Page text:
On November 14, 1960, a tiny six-year-old black child, surrounded by federal marshals, walked through a mob of screaming segregationists and into her school. From where she sat in the office, Ruby Bridges could see parents marching through the halls and taking their children out of classrooms. The next day, Ruby walked through the angry mob once again and into a school where she saw no other students. The white children did not go to school that day, and they wouldn’t go to school for many days to come. Surrounded by racial turmoil, Ruby, the only student in a classroom with one wonderful teacher, learned to read and add.
This is the story of a pivotal event in history as Ruby Bridges saw it unfold around her. Ruby’s poignant words, quotations from writers and from other adults who observed her, and dramatic photographs recreate an amazing story of innocence, courage, and forgiveness.
White Socks Only by Evelyn Coleman
In the segregated south, a young girl thinks that she can drink from a fountain marked “Whites Only” because she is wearing her white socks.
Amazing Grace (Book 1 of 5) by Mary Hoffman
Grace loves stories, whether she hears them, reads them, or makes them up. Possessed with a marvelous imagination as well as a strong flair for the dramatic, she acts the stories out, always giving herself the most exciting parts. Thus, it is natural when her teacher announces a classroom production of Peter Pan , that Grace wants to play the lead. One classmate says she can’t because she’s a girl and another says she can’t because she’s black. When a saddened Grace relates the days events to her mother and grandmother, they tell her she can be anything she wants to, if she puts her mind to it. Inspired by her family’s support, her own indomitable spirit, and an excursion to a weekend ballet starring a lovely Trinidadian dancer, Grace shines during her audition, leaving no doubt in anyone’s mind as to who will play Peter Pan.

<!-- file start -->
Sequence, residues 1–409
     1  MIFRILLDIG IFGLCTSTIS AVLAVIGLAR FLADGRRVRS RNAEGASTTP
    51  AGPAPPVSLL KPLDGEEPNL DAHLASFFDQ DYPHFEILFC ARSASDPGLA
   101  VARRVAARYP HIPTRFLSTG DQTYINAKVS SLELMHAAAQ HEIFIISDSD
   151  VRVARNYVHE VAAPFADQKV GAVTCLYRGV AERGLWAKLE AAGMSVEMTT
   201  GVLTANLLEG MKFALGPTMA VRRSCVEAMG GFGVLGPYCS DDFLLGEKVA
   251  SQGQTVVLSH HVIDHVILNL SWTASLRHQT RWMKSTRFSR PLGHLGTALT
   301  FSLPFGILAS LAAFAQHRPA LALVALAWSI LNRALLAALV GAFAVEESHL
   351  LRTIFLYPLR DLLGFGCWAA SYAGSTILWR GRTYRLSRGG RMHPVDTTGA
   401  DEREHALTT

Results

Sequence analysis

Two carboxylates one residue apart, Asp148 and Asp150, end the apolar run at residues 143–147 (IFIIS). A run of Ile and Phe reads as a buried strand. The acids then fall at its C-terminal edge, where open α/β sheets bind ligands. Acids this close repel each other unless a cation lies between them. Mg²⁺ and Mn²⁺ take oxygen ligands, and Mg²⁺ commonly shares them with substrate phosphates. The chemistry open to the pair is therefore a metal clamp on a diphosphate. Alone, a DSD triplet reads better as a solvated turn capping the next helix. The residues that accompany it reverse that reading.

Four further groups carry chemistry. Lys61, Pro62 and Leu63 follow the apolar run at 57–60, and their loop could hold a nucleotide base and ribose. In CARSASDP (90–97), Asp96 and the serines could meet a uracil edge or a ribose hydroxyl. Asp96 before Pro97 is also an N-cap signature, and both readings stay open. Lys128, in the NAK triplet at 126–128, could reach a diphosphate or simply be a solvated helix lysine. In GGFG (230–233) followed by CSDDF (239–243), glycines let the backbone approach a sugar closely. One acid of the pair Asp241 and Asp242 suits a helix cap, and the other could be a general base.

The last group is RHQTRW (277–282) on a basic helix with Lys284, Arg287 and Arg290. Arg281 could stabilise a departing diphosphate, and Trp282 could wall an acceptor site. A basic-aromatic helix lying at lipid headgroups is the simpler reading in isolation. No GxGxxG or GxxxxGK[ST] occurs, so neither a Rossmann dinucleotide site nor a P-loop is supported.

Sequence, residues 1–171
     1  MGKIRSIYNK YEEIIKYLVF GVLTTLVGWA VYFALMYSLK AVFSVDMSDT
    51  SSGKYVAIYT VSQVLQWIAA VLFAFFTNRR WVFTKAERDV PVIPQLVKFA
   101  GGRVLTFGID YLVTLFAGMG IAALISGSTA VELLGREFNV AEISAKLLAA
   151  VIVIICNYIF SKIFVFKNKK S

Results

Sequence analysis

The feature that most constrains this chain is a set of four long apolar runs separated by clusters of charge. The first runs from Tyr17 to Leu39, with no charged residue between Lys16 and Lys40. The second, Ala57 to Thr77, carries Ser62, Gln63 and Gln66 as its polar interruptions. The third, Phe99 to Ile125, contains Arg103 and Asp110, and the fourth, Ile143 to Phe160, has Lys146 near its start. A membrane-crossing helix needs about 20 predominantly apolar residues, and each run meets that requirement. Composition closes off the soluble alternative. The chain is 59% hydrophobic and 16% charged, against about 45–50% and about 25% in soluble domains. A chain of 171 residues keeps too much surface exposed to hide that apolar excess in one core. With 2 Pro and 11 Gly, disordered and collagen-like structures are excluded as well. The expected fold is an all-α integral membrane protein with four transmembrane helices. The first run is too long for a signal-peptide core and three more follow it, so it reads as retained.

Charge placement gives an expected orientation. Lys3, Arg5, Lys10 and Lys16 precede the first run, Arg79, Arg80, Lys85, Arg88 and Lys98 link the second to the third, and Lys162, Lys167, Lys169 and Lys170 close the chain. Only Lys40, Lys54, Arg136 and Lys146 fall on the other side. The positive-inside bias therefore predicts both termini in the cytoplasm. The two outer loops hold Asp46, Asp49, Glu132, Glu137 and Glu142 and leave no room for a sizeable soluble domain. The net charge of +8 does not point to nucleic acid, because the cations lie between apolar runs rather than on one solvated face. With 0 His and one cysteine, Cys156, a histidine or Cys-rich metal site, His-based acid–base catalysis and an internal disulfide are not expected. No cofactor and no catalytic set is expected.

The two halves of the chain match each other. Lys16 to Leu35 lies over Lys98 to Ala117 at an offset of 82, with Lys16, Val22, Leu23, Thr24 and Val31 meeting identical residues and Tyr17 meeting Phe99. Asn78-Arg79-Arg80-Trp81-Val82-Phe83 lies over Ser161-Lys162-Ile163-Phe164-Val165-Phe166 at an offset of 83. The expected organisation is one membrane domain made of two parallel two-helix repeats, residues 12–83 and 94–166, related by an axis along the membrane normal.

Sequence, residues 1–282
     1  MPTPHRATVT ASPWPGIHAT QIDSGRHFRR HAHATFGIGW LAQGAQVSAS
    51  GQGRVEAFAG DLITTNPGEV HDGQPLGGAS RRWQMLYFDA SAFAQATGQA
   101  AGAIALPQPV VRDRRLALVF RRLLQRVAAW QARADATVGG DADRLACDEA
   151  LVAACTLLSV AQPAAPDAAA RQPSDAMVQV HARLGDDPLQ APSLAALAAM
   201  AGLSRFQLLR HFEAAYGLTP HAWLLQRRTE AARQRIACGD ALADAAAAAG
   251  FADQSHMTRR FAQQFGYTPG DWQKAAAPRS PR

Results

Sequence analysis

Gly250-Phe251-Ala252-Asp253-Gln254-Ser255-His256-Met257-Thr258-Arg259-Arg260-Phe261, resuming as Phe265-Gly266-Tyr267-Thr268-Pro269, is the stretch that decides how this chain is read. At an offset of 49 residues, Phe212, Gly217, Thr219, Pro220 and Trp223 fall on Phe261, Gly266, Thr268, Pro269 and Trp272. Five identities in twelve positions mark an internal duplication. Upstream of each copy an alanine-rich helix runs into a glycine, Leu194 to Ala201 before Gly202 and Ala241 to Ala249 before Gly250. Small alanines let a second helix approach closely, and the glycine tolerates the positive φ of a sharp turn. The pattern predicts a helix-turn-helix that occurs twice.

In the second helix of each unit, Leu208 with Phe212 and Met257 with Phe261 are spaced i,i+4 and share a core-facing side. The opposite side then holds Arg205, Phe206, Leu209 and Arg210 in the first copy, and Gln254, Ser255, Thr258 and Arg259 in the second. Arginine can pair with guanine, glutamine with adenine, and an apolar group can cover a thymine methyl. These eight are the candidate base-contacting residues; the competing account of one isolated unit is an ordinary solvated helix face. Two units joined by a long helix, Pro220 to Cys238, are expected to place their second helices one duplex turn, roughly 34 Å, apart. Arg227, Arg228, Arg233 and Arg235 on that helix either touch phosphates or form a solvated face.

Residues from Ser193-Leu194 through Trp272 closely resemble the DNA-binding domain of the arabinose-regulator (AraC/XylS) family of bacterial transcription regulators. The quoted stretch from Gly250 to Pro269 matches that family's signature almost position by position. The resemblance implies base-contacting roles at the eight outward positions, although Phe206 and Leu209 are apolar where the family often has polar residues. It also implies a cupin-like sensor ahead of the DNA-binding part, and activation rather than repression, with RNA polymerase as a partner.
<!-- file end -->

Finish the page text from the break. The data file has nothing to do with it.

Sweet Clara and the Freedom Quilt by Deborah Hopkinson, James Ransome
As a seamstress in the Big House, Clara dreams of a reunion with her Momma, who lives on another plantation–and even of running away to freedom. Then she overhears two slaves talking about the Underground Railroad. In a flash of inspiration, Clara sees how she can use the cloth in her scrap bag to make a map of the land–a freedom quilt–that no master will ever suspect.
The Quilt by Ann Jonas
The new quilt is finished, and what a quilt it is! Here is a square from the proud owner’s baby pajamas, and one from the shirt she wore on her second birthday. There is even a square of the same material from which her mother made her stuffed dog Sally. How can she possibly sleep when there is so much to look at, and remember, and dream about . . . ?
Uncle Jed’s Barbershop by Margaree King Mitchell
As the only black barber in a county of sharecroppers during the 1920s, Uncle Jed traveled for miles to tend to his customers. Saving his money to build his very own barbershop was a dream that had to be postponed because of his generous heart and the Depression. Then one glorious day, his 79th birthday, Uncle Jed finally opened the doors of his new shop.
There is also a great study guide for Uncle Jed’s Barbershop
A Kids Guide to African American History: More Than 70 Activities by Nancy I. Sanders
For parents and teachers interested in fostering cultural awareness among children of all races, this book includes more than 70 hands-on activities, songs, and games that teach kids about the people, experiences, and events that shaped African American history. This expanded edition contains new material throughout, including additional information and biographies. Children will have fun designing an African mask, making a medallion like those worn by early abolitionists, playing the rhyming game “Juba,” inventing Brer Rabbit riddles, and creating a unity cup for Kwanzaa. Along the way they will learn about inspiring African American artists, inventors, and heroes like Harriet Tubman, Benjamin Banneker, Rosa Parks, Langston Hughes, and Louis Armstrong, to name a few.
Who Was Maya Angelou? by Ellen Labrecque